This won’t be a popular opinion in Arizona. It may start another border war of words between Canadian hockey fans and their apparently backwoods American brethren.
We’ll write it anyway. When the Toronto Maple Leafs draft Scottsdale product Auston Matthews in June, it will be good for hockey.
If you need a moment to choke back your bile or tears, we understand. It would have been a storybook ending if the Coyotes had won Saturday’s NHL Draft Lottery and earned the right to draft the hometown kid.
It might have cast a spotlight on the enormous growth of the youth game in the Valley — growth that has been driven largely by the NHL team outsiders love to ridicule.
It might have provided validation for the core of Coyotes fans that feel dissed by every fan base in the country (OK, maybe not Florida or Carolina).
It would have marked the rare return of a hometown star to a local pro team — a local player the caliber of which has not been seen here since Shadow Mountain High School product Curt Schilling pitched for the Diamondbacks.
“This was a more emotional one because of the presumptive No. 1 pick,” Coyotes president and CEO Anthony LeBlanc said after the Lottery. “I’d be lying if I said we didn’t want to get the No. 1.”
It didn’t happen, but at least Edmonton didn’t win again. At least Matthews won’t be centering a line with former Coyotes draft pick Blake Wheeler in Winnipeg. At least Matthews isn’t going to Quebec, because, as Coyotes fans love to remind them, Quebec doesn’t have a team.
Toronto, the team with the best odds, won the lottery and will almost certainly draft Matthews despite recent chatter about the rise of Finnish forward Patrik Laine. Franchise centers and franchise defensemen are the hardest two pieces to find in the NHL; the pieces around which you build a team. Matthews is a center; Laine is not.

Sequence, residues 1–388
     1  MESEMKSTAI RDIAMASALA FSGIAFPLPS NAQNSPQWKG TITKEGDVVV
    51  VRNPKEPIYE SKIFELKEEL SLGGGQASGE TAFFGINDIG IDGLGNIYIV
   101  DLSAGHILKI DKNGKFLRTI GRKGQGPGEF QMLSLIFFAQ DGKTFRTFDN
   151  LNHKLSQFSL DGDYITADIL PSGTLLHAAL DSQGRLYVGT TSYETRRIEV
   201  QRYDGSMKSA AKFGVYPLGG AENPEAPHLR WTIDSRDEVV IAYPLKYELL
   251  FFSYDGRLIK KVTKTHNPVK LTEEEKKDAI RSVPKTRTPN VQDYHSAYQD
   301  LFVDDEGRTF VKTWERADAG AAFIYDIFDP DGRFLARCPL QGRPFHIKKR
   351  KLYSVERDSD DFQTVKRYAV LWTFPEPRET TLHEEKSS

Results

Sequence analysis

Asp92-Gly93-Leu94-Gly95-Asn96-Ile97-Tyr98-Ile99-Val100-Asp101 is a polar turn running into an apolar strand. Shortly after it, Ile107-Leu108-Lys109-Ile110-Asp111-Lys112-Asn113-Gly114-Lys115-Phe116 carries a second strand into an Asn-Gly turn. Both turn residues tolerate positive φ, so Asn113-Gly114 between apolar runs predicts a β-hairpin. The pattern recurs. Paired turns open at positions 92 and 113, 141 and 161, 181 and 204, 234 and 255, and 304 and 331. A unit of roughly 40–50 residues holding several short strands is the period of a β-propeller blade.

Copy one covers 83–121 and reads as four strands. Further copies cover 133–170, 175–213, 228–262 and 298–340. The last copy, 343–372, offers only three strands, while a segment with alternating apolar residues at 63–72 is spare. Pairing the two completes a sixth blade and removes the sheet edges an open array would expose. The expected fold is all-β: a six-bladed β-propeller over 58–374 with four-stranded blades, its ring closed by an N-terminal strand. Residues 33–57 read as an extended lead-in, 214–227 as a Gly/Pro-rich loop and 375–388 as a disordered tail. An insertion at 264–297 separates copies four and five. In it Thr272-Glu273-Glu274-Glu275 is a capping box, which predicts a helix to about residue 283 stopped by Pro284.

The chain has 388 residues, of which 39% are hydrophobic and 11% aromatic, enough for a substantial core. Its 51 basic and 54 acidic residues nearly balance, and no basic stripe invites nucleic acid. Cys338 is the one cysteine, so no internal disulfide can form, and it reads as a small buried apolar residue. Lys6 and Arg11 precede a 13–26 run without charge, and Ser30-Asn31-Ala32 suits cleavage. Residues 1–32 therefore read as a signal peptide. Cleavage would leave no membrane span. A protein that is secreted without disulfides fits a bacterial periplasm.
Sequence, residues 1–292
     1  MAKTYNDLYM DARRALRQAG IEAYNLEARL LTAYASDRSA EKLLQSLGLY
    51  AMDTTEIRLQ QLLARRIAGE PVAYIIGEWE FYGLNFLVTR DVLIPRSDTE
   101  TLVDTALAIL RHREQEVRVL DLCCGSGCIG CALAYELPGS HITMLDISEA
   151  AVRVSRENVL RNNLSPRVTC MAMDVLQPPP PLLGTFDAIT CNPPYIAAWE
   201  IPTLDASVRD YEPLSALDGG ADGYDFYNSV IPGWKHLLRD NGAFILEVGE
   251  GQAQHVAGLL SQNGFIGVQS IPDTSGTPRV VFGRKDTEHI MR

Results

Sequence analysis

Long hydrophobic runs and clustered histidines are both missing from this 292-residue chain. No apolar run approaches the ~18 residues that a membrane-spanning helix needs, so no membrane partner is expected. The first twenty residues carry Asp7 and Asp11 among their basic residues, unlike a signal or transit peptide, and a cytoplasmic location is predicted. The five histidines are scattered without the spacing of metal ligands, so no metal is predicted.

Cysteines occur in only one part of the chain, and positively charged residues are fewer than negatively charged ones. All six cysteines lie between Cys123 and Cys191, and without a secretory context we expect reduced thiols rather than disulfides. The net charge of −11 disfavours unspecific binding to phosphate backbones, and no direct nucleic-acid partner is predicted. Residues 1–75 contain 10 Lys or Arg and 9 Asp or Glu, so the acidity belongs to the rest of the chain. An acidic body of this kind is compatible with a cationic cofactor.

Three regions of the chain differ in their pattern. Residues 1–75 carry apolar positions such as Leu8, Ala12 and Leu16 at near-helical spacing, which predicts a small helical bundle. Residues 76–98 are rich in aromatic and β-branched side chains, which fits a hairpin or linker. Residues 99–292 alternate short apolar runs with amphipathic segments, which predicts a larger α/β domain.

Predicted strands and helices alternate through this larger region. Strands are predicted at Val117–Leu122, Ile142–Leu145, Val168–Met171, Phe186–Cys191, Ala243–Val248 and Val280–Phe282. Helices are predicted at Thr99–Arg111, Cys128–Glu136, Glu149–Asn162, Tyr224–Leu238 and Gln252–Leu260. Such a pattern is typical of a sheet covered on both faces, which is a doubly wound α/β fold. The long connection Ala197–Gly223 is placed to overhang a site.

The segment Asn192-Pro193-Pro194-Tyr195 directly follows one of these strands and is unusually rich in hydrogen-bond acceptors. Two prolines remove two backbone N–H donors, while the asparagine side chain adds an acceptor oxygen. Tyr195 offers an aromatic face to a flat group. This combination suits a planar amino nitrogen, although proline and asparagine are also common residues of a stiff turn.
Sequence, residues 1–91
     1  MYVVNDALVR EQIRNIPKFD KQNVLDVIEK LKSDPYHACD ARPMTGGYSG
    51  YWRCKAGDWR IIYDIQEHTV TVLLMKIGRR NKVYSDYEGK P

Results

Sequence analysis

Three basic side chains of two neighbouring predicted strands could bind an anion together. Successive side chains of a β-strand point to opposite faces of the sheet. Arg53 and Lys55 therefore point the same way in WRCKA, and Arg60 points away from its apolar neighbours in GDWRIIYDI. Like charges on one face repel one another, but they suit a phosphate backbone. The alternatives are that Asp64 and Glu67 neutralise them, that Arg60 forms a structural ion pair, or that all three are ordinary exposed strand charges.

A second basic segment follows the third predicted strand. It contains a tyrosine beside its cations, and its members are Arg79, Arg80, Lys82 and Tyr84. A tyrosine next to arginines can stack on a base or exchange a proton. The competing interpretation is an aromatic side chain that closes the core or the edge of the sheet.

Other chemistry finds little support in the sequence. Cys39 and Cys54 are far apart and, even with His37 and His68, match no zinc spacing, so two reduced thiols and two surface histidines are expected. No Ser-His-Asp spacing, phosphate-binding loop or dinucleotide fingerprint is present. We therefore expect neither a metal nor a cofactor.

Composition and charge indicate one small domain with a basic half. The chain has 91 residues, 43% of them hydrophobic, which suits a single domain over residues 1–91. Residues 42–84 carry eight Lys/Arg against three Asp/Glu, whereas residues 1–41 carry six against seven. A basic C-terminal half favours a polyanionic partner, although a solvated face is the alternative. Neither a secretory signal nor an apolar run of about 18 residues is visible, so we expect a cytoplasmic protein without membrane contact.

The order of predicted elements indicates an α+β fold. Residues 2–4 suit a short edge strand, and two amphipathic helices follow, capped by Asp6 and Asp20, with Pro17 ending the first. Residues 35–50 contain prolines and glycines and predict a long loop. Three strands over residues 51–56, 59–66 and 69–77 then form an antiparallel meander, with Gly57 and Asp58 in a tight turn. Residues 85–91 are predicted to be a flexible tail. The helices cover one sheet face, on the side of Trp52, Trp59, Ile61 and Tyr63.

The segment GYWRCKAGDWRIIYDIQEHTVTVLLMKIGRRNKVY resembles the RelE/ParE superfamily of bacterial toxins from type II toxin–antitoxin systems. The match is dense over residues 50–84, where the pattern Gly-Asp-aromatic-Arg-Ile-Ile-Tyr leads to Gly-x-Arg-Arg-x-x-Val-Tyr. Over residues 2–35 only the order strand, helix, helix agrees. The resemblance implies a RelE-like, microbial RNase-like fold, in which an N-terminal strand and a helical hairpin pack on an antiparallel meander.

“It’s nice to have a bit of clarity,” Matthews told NBC after the Lottery broadcast had ended.
Now comes the challenge for Matthews. With apologies to Montreal, Toronto is the hockey capital of the world. Matthews will likely have more endorsement opportunities there than he would have anywhere else, and he’ll get to learn under one of the best coaches in the game in Mike Babcock, but he will also face more intense scrutiny than he would have in any other market.
Toronto bottomed out this season, selling off parts to begin a massive rebuild. The Maple Leafs already have talented prospects Mitchell Marner and William Nylander in the pipeline. Nylander played 22 games with the team this season, but Matthews is still the linchpin of team president Brendan Shanahan’s overall plan.
Toronto has bungled its way through the league for years. The Leafs have the longest current Stanley Cup drought, last having won in 1967 (we’re giving them the edge over expansion teams born the following year). That is why Matthews is so important, and that is why it’s such a good thing that he is playing in Toronto.
Regardless of how you feel about the franchise, when Toronto is successful, the league benefits. The Leafs draw widespread interest in Canada and better ratings up north. They bring an aura of tradition to the postseason as one of the league’s so-called-but-not-actually Original Six teams.
It’s like having the Yankees successful in baseball, or the Cowboys in football, or the Celtics and Lakers in basketball. You may hate those teams, but you still watch them if only to spew the aforementioned bile.
Some have suggested that Matthews would have helped market the game in Arizona. To that we say: he still can. Canadians probably won’t view Matthews as proof that the game has a foothold in Arizona. Until more Arizonans make their way into the NHL, Canadians will probably view Matthews as an anomaly and they’ll be right.
But Matthews is a start; a seed perhaps better planted there than here. The bigger his name grows and the wider his notoriety spreads, the better off the hockey world will be, including Arizona.
It takes a full generation to embed a new sport in a city — a fact few seem to grasp when critiquing the so-called non-traditional markets. Kids must grow up rooting for a team. Those same kids must become season-ticket holders and put their kids on skates.
When all of that is finally in place, a select few of those kids can realize their dreams of becoming NHL players. For the first time in this state’s history, Arizona kids have a legitimate poster boy. And he’s skating in the heart of Canada.
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